What Are the Real Reasons for Motor Vehicle Crashes?
June 18, 2018 / Vehicle Accidents
Sometimes, establishing the reasons for a car crash is complicated. One factor that can make determinations even more imprecise is that state crash report forms used at the scene often lack the appropriate fields or places to enter codes that would explain the precise reason for the collision. Because each state uses its own form, no consistency exists. Compiling accurate national statistics becomes difficult, producing results that are just plain wrong.
The problem is known as incomplete crash data, and it’s hindering efforts to save lives.
How Do Accurate Crash Explanations Help Save Lives?
With 40,000 people dying on our roads each year, and another 4.6 million suffering serious injuries, any reasonable action we can take to save lives seems like a good idea. The National Safety Council (NSC) undertook a study to find out more about incomplete crash reports and how they hamper efforts to reduce motor vehicle fatalities.
From a NHTSA study conducted between 2005 and 2007, we know that 94 percent of crashes in that study were caused by driver error. Other studies consistently peg the number at 90 percent or above. But the many varieties of driver error are not reflected on many state forms. When reports don’t contain the exact reasons for crashes by recording which type of driver error was involved, or if the real reason for a crash is omitted, it becomes harder to justify policies, regulations, and laws. Resources to fight problems will not be correctly allocated, reducing the effectiveness of any efforts to save lives.
Thus, the more we know about the precise nature of the mistakes that drivers make, the more effectively we can fight against these mistakes.
An Example of an Accurate Reason
Let’s take the example of someone running a red light and causing a crash. Running the red light could be considered the “reason” the crash happened. But it’s not the true reason. Suppose that the driver looked away because they were reaching for a cell phone buzzing on the passenger seat. Even if it is legal to use a handheld cell phone while driving, as it is in Indiana, the reason should still be recorded on the state crash form. Cell phone distraction was the actual cause of the collision, and we, as a nation, need to construct an accurate picture of how big the cell phone distraction problem really is.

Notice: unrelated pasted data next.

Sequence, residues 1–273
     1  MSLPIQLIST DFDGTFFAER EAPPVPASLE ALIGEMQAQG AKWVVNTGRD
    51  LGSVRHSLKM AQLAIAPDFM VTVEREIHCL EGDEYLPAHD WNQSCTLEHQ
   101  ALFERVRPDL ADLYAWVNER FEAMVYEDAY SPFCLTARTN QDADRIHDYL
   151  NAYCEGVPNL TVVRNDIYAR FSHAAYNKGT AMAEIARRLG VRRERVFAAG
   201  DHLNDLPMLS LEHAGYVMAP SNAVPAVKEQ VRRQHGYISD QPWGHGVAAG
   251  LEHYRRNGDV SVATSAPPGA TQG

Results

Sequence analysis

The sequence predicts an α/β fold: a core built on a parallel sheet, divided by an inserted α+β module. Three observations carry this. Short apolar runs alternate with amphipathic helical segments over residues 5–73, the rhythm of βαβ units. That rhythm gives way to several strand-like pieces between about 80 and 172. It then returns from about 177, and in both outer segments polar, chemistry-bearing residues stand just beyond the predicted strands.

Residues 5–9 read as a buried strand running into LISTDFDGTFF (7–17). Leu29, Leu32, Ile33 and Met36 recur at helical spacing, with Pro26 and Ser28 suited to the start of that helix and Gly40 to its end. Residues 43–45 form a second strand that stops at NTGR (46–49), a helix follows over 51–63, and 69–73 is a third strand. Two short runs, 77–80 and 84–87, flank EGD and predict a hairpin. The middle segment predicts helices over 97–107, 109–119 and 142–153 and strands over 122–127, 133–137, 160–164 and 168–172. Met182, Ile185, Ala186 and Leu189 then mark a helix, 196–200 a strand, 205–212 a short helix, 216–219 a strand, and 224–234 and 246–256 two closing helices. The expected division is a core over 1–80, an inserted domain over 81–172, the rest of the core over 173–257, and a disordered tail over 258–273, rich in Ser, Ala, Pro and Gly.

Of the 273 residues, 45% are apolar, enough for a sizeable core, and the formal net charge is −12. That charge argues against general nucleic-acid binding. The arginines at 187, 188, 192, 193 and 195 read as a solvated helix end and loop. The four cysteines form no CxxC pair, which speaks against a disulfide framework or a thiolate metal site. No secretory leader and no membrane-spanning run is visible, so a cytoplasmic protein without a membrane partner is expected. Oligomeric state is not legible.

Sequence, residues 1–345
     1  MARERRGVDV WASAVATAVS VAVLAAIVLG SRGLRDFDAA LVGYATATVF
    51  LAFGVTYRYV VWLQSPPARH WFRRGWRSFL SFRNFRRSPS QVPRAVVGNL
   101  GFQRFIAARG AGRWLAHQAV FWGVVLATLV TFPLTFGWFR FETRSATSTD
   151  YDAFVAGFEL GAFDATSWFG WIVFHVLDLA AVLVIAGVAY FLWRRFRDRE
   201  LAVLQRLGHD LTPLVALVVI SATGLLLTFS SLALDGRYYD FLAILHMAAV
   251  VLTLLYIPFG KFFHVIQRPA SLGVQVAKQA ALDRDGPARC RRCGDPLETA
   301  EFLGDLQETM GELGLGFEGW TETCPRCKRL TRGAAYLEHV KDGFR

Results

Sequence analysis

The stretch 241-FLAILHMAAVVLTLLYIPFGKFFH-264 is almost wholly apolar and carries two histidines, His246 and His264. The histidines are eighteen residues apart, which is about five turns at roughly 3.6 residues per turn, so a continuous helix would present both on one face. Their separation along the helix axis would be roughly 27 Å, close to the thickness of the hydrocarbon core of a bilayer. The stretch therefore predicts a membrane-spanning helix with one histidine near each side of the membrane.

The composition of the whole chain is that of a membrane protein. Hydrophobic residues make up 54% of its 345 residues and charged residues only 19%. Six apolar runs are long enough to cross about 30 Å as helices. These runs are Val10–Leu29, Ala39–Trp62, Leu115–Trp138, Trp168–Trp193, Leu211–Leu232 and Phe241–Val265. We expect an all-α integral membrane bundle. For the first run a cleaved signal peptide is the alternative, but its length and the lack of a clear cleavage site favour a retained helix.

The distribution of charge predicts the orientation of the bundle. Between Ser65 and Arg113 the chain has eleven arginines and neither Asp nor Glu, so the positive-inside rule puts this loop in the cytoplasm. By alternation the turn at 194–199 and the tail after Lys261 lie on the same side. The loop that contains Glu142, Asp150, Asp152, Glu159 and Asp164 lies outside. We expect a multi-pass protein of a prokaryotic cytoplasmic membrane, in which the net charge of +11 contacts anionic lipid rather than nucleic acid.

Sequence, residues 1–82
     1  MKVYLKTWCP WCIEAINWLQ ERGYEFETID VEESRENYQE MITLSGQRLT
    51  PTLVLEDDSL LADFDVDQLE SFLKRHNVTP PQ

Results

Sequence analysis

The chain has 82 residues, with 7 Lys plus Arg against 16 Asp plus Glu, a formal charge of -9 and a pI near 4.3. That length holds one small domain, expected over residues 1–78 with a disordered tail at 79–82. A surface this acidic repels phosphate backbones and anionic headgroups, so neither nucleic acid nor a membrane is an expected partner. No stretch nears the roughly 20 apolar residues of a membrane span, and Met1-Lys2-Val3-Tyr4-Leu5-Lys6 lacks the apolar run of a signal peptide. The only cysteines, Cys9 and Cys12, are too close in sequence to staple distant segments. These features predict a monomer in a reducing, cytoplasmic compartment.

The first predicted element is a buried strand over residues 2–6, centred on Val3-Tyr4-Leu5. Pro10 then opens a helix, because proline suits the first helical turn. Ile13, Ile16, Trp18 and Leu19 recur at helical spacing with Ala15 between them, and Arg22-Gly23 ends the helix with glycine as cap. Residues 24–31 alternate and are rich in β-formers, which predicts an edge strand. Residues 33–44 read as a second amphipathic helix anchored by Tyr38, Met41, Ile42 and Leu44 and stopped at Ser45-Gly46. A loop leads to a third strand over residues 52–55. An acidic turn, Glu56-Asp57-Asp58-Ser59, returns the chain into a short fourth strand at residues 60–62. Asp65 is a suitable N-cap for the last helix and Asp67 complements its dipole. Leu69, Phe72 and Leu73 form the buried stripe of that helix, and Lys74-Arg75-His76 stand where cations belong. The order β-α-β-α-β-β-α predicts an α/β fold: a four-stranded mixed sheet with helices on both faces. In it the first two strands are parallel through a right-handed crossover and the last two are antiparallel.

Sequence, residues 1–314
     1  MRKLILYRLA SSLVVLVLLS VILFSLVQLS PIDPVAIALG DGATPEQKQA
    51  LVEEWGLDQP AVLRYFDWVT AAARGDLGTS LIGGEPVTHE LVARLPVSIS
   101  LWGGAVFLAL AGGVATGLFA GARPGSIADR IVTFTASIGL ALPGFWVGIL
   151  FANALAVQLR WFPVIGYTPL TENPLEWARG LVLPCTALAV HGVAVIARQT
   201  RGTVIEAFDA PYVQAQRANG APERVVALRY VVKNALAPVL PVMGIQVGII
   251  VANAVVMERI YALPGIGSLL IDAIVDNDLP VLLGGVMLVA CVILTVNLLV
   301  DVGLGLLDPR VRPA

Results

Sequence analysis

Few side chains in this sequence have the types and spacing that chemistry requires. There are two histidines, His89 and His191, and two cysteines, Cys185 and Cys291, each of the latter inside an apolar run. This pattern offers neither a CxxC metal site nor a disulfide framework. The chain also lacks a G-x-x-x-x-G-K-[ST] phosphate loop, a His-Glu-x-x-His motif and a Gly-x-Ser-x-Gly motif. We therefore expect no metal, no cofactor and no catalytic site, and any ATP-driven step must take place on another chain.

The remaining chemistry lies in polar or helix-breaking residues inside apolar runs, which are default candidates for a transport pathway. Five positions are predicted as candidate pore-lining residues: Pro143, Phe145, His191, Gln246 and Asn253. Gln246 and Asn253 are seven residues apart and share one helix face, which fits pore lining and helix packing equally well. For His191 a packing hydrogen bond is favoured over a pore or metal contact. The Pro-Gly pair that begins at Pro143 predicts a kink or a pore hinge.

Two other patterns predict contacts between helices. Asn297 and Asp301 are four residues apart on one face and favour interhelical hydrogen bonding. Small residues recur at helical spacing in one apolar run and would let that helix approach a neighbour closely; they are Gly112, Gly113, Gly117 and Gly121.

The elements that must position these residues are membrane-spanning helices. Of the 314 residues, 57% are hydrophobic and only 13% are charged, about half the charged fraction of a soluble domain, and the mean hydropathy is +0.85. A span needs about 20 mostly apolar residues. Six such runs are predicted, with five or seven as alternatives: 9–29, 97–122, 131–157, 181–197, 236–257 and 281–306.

Specific Fields Needed on Crash Forms
The NSC reviewed forms from all 50 states and Washington, D.C., to determine whether certain factors were addressed on the forms. They discovered that:
- No state records the level of driver fatigue (by asking questions about how much sleep the driver has had in the previous 24 hours, etc.).
- 32 states lack report fields to record hands-free cell phone use.
- 32 states lack report fields to record the specific types of drug use when drug tests are positive.
- 26 states lack report fields to record texting as a factor.
- No state records the use of ADAS (advanced driver assistance systems).
- 47 states lack report fields to record the use of infotainment systems.
- 35 states lack report fields to record any restrictions if a teen was driving.
All of these factors, according to the NSC, need to be logged for a more accurate picture of why the death toll on our roads keeps rising.
How Did Indiana Fare?
The fields or codes available on the Indiana crash report forms are:
- A recording of all BrAC (breath alcohol concentration) and BAC (blood alcohol concentration) readings
- Whether or not the driver appears drowsy or was sleeping at the time of the crash
- Whether the driver is operating with a learner’s permit
- Whether any cell phone usage appears evident
- Whether any other distractions appear evident, such as passengers, reaching for items, etc.
- The posted speed limit where the crash occurred.
Suggested by the NSC but not appearing on the Indiana crash report are such factors as the results of drug tests, how much sleep the driver had had in the previous 24 hours, whether it looked as if cell phone texting or talking had been occurring before the crash, and the estimated speed the vehicle was traveling at the time of the crash. Clearly, there is room for improvement. We hope that the NSC’s study will lead to the needed enhancements in crash reporting.
When others breach their duty, we keep ours.
Wrongful death and personal injury claims can be costly to pursue, and many law firms are not in a position to effectively reach a resolution in these cases. You can be assured that our investigative team at Stephenson Rife goes to work immediately to uncover the ‘who,’ ‘what,’ ‘when,’ ‘where,’ ‘why’ and ‘how’ of a case. We are committed to bringing together the most qualified experts available to uncover what happened in your Indiana vehicular accident case.
Both Mike Stephenson, with his more than three decades of experience, and Brady Rife, with his diverse experience in personal injury litigation, will commit the highest standards of client care to your case. We offer free consultations and would like to discuss how we can be of service to you. Call us today, or use our confidential online contact form.